Roughly seven years since making his first shortfilm, writer/director Tran Thanh Huy came face-to-face with audiences for his feature debut, Róm, a kinetic and unrelenting story about a young boy running low on luck and on borrowed time, with a powerful message underneath it all.
This film has already hit a few festival spots, and to be clear, the comparisons to Danny Boyle’s Slumdog Millionaire are nothing short of complimentary for the film’s suited style of direction. It’s bustling with energy and completely restless at times, and the film’s young stars, Tran Anh Khoa in the title role, and Nguyen Phan Anh Tu who plays Phuc, are fully in their element on screen.
The film immerses you into deep into Ho Chi Minh City’s world of gambling and lottery ticket circulation, operated through an intricate network carefully managed by loansharks and ticketers, and the runners who keep the operation moving. It’s also an illegal industry, and with the cops on constant watch, the runners have to be fast on their feet no matter what.
For runners like Róm – homeless and living wherever they can squat – the only way he can make money is by playing the numbers he picks on behalf of the players he runs the tickets for. The problem is, it’s been a long time since his natural knack for numbers brought him as much luck as it used to, and so as he puts it in the film’s opening VO: “I make money by selling my luck.”
Unfortunately, that also means competing with other runners who try to steal tickets from each other, including the notoriously nimble Phuc, who has quite the interesting story about how he got his name, and also has his own problems to worry about when it comes to maintaining rapport with the local gangster – played by Vietnamese recording artist, Wowy.
Between running tickets for his slum while dodging the police and butting heads with Phuc, Róm’s biggest hope is that he gets to reunite with his parents, and with any luck, it’ll be thanks to Mrs. Ghi (Do Nhu Cat Phuong), a lottery operator who takes Ròm in after a tragic turning point forces him out of the neighborhood for the night.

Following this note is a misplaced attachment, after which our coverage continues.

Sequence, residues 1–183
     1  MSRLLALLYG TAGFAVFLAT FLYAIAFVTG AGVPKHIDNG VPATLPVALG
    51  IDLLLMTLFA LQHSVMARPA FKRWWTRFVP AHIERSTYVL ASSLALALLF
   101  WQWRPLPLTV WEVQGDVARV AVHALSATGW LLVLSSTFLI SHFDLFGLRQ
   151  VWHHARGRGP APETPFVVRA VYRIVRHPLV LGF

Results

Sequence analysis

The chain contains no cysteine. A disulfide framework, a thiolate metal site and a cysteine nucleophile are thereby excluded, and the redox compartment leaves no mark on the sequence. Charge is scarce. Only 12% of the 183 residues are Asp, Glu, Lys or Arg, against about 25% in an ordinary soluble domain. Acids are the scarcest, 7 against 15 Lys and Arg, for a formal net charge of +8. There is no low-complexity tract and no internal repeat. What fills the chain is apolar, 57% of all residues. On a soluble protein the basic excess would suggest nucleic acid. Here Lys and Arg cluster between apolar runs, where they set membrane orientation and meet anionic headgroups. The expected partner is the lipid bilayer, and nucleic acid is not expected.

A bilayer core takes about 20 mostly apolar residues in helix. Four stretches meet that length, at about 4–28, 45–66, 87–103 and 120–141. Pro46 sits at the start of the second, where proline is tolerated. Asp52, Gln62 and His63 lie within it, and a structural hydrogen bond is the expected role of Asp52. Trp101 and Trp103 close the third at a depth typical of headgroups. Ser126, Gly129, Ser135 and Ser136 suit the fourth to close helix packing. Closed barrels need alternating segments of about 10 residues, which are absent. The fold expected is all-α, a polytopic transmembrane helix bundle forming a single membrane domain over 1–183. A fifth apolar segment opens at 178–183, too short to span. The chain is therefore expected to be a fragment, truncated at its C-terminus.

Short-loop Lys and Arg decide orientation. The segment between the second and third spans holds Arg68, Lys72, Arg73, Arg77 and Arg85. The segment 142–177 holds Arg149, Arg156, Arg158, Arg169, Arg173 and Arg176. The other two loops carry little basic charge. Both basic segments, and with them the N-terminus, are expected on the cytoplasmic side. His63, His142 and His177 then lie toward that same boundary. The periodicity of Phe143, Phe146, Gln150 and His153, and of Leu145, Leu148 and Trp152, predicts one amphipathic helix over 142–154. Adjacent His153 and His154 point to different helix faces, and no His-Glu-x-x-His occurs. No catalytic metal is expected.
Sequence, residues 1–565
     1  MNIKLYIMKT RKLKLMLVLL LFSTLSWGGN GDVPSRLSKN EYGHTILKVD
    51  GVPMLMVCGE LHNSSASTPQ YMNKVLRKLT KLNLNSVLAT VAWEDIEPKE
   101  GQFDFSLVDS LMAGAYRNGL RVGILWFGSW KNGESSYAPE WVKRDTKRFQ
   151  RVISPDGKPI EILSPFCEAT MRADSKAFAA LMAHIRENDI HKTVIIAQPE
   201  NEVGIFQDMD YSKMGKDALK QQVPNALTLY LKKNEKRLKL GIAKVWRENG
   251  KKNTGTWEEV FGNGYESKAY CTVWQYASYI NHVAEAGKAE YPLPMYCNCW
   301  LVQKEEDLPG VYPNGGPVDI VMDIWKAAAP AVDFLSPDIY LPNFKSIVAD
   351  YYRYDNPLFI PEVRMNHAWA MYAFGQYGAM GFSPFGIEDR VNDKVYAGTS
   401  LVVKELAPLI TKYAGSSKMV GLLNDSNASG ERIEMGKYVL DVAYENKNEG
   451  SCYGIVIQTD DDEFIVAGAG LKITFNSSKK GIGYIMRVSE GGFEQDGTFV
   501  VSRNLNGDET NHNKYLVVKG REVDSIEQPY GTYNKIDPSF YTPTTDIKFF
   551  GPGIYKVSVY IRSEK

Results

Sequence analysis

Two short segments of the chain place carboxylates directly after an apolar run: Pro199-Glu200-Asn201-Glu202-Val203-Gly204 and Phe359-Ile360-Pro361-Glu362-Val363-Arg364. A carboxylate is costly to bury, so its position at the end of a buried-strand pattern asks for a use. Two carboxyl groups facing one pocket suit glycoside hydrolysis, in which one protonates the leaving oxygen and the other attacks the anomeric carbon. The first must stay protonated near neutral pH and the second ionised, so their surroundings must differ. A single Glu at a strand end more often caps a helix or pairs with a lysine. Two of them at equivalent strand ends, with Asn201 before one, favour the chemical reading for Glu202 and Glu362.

Alas, it’s been ten years since Róm’s parents abandoned him, leaving him otherwise hopeful to see them again. Indeed, he’s become a little more street smart in the process while saving as much money as he can, but with the neighbors hanging on every hopeful number they can play for the runners to process, it’s only a matter of time before things take a violent turn.
Apart from the narrative story and character arcs and developments, Róm stands as much more of a reflection of how the lack of money can keep a society’s most desperate and impoverished residents reliant on an elusive, albeit broken system. Róm’s story, imaginably and perhaps, plays as just one of the many untold stories of children around the world who are forced to survive and scrape by on the street, if not also used as pawns in a corrupt, systemic underbelly of unchecked money and power.
Róm’s own neighborhood often succumbs as a result of this; When the money comes, it’s a rarity they get to celebrate over, and that it’s all they live for in the course of their daily lives makes things all the more ominous and foreboding, as the constant need for money to survive, pay bills and feed their families turns their routine desperation into maddening, ritualistic fanaticism.
That struggle extends all the same to the disapora of young children who become street urchins serving at the beckoncall of bigger criminals just to survive, including and especially Róm. He lives in an a shanty attic with quick access to the roof, and his only belongings are anything he can collect and collate as potential numbers he can use to his advantage. Even less can be said about friendship and loyalty, and as touch and go as things tend to be between Róm and Phuc despite their shared strife, it’s also one of the more consequential and damming aspects of what the movie alludes to in it’s eye-opening exposition of things.
Huy directs Róm with a very fast and robust approach that keeps you on your toes. The film is almost always in movement with story, dialogue and character development, with points especially to DP, Nguyen Vinh Phuc, who performs the intensive task of keeping up with the actors, as well as capturing the sprawling essence of Ho Chi Minh City nightlife, amidst crowds of sports fans with as much gorilla cinematography as he can get away with.
Róm delivers a mesmerizing freshman work of cinema, and with spirited performances led by Khoa whose portrayal more than meets the demand in many instances, from drama, to performing stunts opposite young actor Tu who takes the action up several notches with some serious parkour sequences. The mid-traffic affray that takes place between them in the film’s final moments is nothing short of chaotic and intently poetic as the film cuts to black with the sound of heavy breathing and footsteps running to keep up with each other.
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